Greater efficiency is always beneficial to businesses. S&OP allows companies to intelligently streamline operations in order to boost profit numbers.
Common Steps in the S&OP Process
The S&OP process can be broken down into six essential steps: data gathering and forecasting, demand planning, production planning, pre-SOP meeting, executive S&OP meeting, and the S&OP strategy implementation.
Let’s take a look at each of these steps in greater detail:
1. Data Gathering: The sales and operations planning process consists of a series of meetings, the first of which is designed to gather data in order to accurately forecast the future. During this meeting, information from previous sales and industry trends are assessed and future predictions are made.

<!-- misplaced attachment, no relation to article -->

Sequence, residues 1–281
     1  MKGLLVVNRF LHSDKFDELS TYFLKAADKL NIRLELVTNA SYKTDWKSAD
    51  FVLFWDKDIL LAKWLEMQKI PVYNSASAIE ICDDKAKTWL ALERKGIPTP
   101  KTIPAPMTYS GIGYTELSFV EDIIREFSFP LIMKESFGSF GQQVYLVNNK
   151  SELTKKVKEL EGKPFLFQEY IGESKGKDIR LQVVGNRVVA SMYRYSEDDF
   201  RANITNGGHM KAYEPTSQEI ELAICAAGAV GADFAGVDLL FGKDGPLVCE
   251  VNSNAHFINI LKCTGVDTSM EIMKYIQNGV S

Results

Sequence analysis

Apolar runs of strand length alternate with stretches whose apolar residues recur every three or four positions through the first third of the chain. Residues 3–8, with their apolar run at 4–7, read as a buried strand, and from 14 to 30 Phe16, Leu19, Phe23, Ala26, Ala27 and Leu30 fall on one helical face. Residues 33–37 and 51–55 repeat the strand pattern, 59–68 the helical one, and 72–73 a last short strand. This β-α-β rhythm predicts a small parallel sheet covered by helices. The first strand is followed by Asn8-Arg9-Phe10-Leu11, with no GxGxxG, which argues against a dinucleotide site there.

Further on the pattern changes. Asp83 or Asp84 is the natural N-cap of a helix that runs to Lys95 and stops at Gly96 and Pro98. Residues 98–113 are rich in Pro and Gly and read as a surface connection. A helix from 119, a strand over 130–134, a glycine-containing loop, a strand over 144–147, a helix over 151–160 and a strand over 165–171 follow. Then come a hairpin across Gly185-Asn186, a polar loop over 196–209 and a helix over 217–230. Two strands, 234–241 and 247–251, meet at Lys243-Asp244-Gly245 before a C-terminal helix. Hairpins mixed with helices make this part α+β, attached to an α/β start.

2. Demand Planning: This step requires collaboration between multiple departments to complete properly. Executives from sales, operations, marketing, etc. come together to adjust inventory levels, marketing and sales strategies, and customer service policies to match the data gathered in the previous step.
3. Production Planning: Next, company leadership analyzes their company’s supply chain in regards to capacity. They’ll decide if the current set up — manpower, machinery, suppliers, etc. — are adequate for their forecasted needs. A supply plan is then crafted on the decision they reach.
4. Pre-SOP Meeting: This stage of the S&OP process requires leadership personnel from multiple departments to meet, collaborate, and evaluate the financial ramifications of the forecasted demand and supply plans.